Law changes ever so imperceptibly every day. It has to in order to keep up with our society and afford each of us the right to achieve “life, liberty and happiness” through due process of law. The right to due process of law protects the family that is singled out for the most protection in the Constitution —there is a fundamental right of parents to raise their children as they see fit, even if other people or government believes otherwise or disagrees. This blog explores the key daily changes in domestic law and how they balance against the rights of parents to raise their children. Here are the top five trends you need to know for custody litigation in 2018.
First, perhaps the greatest shift in divorce and paternity cases and modifications of custody comes from a retreat from sole physical and legal custody in one parent. A key legal and psychological policy behind this presumption in the law was stability for the children. Most likely, for young infants, a single parent (more likely the mother) will have the majority of time for just infants. For toddlers and older children the trend—perhaps rooted in the fundamental rights of parents to raise their children, is some type of joint physical and legal custody. Legal custody speaks for itself. As to joint physical custody, depending on a variety of factors, it may range from alternating weeks to rotating days 3-2-2-3 or 5-2-2-5 day rotations with parents. Knowing this trend going into litigation allows you to know why it is in the children’s best interests or not and how to present your case to help you reach to your legal objectives in 2018 litigation involving custody.
A second, and profound, shift in custody is growing legal recognition of third-party custody. Although third parties have a higher burden to obtain “custody” of children, it is becoming common. For a variety of reasons, grandparents, neighbors, friends and complete strangers have accepted the task of raising the children of parents. Where this occurs for a long duration, the children become psychologically bonded to these third parties who they see as their parents insofar as meeting their needs for safety, security, and nurture. This plays out in a significant number of custody cases and sometimes later pits the parents against third parties in litigation. If this is or could be your case, whether you are the parent or a third party, you need to acknowledge the legal trend and plan for it in domestic litigation this year.
The third trend in custody is somewhat related to third-party custody. In Indiana, our governor, as well as governors throughout the United States and federal officials have raised to the spotlight the opioid epidemic. Even with crackdowns on abuse and illicit use of prescription drugs, making them much harder to obtain from physicians and the illegal market, those suffering from addiction have turned to heroin and meth to meeting the “cravings” from addiction and withdrawal. Where there are children involved, a number of family and friends are left with children or Child Protective Services removes them from parents. When and if either parent is fit to obtain custody, it is often a battle against the party who has cared for the children for months or years and ultimately comes down to what is in the children’s best interests. Parents can even have their parental rights terminated for adoption in third parties. If this is your case, a carefully constructed legal plan needs to be crafted to tell the story to support your custody position in litigation in 2018.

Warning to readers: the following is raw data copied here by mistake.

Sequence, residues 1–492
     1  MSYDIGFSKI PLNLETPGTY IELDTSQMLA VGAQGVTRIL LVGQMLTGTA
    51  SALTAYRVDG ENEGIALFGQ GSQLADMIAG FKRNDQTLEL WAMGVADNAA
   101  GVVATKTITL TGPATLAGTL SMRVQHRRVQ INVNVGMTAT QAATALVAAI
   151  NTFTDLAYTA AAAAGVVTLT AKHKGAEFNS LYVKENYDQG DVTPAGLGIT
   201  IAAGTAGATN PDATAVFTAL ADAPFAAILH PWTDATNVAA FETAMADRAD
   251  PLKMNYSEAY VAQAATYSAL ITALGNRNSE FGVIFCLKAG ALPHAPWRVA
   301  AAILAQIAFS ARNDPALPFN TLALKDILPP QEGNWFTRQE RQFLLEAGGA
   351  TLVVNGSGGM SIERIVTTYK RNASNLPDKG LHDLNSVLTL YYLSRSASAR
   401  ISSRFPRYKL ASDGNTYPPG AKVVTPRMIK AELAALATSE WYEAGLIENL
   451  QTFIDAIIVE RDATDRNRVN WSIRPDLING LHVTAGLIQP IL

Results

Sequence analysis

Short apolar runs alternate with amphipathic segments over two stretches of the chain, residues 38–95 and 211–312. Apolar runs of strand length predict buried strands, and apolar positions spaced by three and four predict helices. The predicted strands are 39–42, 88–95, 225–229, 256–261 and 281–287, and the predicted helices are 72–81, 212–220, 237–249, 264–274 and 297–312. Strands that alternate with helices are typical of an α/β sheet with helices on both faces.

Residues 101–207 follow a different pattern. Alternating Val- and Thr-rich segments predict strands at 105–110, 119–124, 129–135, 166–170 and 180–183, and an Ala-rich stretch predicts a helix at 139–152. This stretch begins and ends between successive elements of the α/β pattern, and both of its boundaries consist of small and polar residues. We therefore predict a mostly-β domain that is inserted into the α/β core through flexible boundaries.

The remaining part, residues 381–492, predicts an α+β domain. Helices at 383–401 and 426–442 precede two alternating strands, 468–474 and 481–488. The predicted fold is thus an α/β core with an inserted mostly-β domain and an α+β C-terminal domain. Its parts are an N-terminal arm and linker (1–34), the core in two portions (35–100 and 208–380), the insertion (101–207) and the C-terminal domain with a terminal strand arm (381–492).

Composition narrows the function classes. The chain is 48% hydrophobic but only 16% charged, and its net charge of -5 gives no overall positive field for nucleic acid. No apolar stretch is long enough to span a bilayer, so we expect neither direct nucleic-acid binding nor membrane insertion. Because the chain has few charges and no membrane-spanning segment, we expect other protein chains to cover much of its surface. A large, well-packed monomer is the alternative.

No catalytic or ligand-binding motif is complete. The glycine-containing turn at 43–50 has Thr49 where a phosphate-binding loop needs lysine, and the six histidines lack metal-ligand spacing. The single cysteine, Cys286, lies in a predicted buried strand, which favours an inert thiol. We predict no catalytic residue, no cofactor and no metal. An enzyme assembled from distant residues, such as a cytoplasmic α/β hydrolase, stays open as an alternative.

A fourth and unknown issue is the apparent “deal” in Congress to a tax overhaul bill—the first in decades. Families and their Children are the future; the implications are unknown from tax reform on families. Every competent divorce and paternity attorney, and certainly courts, know custody litigation is truly “complex” litigation and involves many areas of law and other professions (such as psychology). Trying to determine or knowing in advance the actual or potential tax consequences of the new tax bill as it relates to credits and deductions could make a significant difference at tax time. You should consider this question in divorce and paternity litigation in 2018.
A final and ever-growing legal issue involve same-sex marriage and life-partners who have children and what happens when they divorce or separate and custody becomes an issue. The key is the children’s best interests; this is what drives custody and parenting time issues. But more importantly, these cases in Indiana and across the country are providing unique opportunities to see custody explored through a different legal lens, which may have implications for family law as a whole and help refine for litigants, attorneys, and courts how to best protect children and meet their best interests when the family unit dissolves.
These trends are the news of the day. Law is not stale and set, but instead, responsive to the needs and trends of society. Be aware of these trends and how they may impact custody litigation you engage in for 2018. The best litigant is one who is engaged in the legal process to make better-informed choices. We hope this blog post assists you in this way. This blog is written by attorneys at Ciyou & Dixon, P.C. who represents litigants in divorce, paternity and custody cases of all types throughout Indiana. This blog is written for general informational purposes only and is not intended as legal advice or a solicitation for services. It is an advertisement.